ORDER OF THE PRESIDENT with Greg Robinson – 7/23
The Franklin D. Roosevelt
Presidential Library and Museum
with support from a
Humanities New York Vision/Action Grant
BY ORDER OF THE PRESIDENT
with Greg Robinson
Sunday, July 23, 2017 at 2:00 p.m.
Henry A. Wallace Center at the
FDR Presidential Library and Home
The Franklin D. Roosevelt Presidential Library and Museum — with support from a Humanities New York Vision/Action Grant — presents BY ORDER OF THE PRESIDENT with Greg Robinson on Sunday, July 23, 2017. Professor Robinson, a native New Yorker, is Professor of History at l’Université du Québec À Montréal and the author of BY ORDER OF THE PRESIDENT: FDR AND THE INTERNMENT OF JAPANESE AMERICANS. He will discuss the conflict between Franklin and Eleanor Roosevelt over the incarceration of Japanese Americans during World War II. The program will begin at 2:00 p.m. in the Henry A. Wallace Center at the FDR Presidential Library and Home. Attendees will be invited to view the Roosevelt Library’s new special exhibit, “Images of Internment” free of charge, following the program.
This is a free public event but registration is required. CLICK HERE to register.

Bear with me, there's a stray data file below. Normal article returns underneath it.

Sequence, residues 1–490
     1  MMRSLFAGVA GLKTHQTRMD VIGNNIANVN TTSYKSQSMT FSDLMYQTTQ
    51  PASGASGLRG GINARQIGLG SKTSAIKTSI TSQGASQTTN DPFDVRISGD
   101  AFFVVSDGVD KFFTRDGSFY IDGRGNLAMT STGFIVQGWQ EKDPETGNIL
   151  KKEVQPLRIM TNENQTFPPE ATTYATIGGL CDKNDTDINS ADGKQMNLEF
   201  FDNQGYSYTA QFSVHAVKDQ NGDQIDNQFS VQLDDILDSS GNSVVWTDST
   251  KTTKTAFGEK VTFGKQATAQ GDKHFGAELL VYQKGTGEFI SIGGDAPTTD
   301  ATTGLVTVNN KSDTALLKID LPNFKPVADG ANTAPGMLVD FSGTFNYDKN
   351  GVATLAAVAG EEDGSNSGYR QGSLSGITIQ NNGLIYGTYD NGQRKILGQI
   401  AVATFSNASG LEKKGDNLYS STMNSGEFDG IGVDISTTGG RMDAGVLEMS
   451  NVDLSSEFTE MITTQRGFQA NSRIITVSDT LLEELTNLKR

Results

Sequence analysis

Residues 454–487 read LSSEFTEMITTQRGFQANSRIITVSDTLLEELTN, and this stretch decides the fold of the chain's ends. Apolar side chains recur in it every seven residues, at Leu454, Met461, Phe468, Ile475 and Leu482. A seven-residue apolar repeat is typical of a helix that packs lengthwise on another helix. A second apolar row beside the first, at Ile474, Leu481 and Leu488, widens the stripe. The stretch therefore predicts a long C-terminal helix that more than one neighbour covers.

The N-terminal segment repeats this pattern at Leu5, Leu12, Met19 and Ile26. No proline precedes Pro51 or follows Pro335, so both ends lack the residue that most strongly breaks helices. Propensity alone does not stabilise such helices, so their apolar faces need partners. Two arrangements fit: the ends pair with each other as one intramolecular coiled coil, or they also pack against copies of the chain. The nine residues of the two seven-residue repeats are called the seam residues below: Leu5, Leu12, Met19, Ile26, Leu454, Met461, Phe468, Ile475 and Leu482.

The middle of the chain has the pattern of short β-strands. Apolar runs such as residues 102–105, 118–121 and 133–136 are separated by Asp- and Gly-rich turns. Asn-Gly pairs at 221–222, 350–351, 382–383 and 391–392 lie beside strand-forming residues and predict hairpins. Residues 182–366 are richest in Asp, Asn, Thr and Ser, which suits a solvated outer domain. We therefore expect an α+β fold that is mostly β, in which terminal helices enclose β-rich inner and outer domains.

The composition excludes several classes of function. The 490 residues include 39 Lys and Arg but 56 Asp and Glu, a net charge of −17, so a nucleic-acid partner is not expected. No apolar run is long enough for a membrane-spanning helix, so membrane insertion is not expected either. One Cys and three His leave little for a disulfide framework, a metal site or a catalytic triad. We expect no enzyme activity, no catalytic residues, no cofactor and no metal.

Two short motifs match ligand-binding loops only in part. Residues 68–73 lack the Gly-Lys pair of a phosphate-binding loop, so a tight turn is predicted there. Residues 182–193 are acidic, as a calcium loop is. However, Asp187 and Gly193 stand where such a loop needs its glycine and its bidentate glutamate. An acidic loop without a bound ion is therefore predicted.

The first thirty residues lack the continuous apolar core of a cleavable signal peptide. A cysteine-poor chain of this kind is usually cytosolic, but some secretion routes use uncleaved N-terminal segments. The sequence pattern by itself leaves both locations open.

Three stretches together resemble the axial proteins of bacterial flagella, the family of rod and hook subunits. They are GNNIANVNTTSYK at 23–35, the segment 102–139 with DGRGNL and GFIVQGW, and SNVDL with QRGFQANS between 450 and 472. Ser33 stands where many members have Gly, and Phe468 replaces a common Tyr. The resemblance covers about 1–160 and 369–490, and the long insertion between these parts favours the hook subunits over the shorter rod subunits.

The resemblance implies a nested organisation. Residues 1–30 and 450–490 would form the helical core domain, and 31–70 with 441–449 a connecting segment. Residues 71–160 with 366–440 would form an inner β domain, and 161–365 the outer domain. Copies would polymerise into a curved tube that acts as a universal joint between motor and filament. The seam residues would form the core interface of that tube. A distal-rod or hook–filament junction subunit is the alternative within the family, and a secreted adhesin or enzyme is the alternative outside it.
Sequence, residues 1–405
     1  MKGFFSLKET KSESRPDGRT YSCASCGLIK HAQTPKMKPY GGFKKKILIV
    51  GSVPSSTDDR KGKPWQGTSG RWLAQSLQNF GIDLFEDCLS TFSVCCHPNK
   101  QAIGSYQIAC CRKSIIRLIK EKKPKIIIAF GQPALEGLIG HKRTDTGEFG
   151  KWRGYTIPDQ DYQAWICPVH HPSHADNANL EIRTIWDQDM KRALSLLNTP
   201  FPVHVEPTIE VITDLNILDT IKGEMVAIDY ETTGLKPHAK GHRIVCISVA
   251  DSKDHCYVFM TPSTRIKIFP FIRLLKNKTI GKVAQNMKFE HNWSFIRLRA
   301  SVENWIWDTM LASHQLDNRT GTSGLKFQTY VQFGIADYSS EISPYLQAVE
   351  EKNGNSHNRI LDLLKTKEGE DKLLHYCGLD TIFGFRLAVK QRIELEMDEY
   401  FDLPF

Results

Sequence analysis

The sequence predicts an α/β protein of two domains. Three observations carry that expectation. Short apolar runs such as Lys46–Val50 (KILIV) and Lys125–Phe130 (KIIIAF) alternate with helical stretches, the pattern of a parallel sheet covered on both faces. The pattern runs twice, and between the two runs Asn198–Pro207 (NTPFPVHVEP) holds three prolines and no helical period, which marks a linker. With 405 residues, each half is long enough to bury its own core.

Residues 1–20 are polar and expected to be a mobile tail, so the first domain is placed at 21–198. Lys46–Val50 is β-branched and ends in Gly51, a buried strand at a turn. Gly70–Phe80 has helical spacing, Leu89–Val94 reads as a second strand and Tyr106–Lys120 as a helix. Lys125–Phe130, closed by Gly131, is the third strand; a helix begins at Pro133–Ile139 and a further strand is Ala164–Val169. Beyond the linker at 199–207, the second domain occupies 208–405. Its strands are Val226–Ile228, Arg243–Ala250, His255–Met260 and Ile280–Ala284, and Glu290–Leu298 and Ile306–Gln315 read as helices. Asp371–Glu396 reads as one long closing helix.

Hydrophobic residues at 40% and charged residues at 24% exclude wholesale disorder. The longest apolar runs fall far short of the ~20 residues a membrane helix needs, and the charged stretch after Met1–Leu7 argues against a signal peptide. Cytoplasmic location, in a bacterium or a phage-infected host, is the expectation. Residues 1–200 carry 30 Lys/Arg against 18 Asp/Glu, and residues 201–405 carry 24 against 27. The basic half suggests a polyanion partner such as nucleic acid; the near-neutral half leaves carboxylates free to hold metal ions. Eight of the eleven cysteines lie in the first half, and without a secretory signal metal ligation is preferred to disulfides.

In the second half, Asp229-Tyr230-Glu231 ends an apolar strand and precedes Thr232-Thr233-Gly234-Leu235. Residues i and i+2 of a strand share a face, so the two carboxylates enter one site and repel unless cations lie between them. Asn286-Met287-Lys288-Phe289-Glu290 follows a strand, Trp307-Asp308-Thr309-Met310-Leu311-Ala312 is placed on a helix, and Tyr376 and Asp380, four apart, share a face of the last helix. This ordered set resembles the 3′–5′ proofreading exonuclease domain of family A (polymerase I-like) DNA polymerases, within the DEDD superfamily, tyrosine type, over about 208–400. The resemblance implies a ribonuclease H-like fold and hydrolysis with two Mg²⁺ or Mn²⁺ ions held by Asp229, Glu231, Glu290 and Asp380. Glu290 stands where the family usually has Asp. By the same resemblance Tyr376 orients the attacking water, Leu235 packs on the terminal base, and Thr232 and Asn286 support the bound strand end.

Eleanor Roosevelt opposed internment and tried to stop FDR from issuing Executive Order 9066. Concerned about the potential hysteria against people of Japanese ancestry, she visited Japanese American communities, posed for pictures with residents, and praised their patriotism. But when she discussed the issue with FDR he rebuffed her.
After the order was signed ER did not speak out publicly against her husband’s decision, opting instead to work quietly behind the scenes. But many in the Japanese American community knew of her sympathies, including her support for allowing students to leave the government camps to attend college and initiatives to permit people to leave with work releases. When Congressional critics charged that Japanese Americans in the camps were being “coddled” she helped push FDR to have them tone down their criticism.
In April, 1943 the First Lady visited the Gila River relocation camp in Arizona. She was impressed by the character and perseverance of the individuals she encountered there. In a report to the President she urged him to relax his Executive Order and allow people to return to their homes. It would not be until January, 1945, however, before the order was rescinded.
For additional information about this event please visit www.fdrlibrary.org.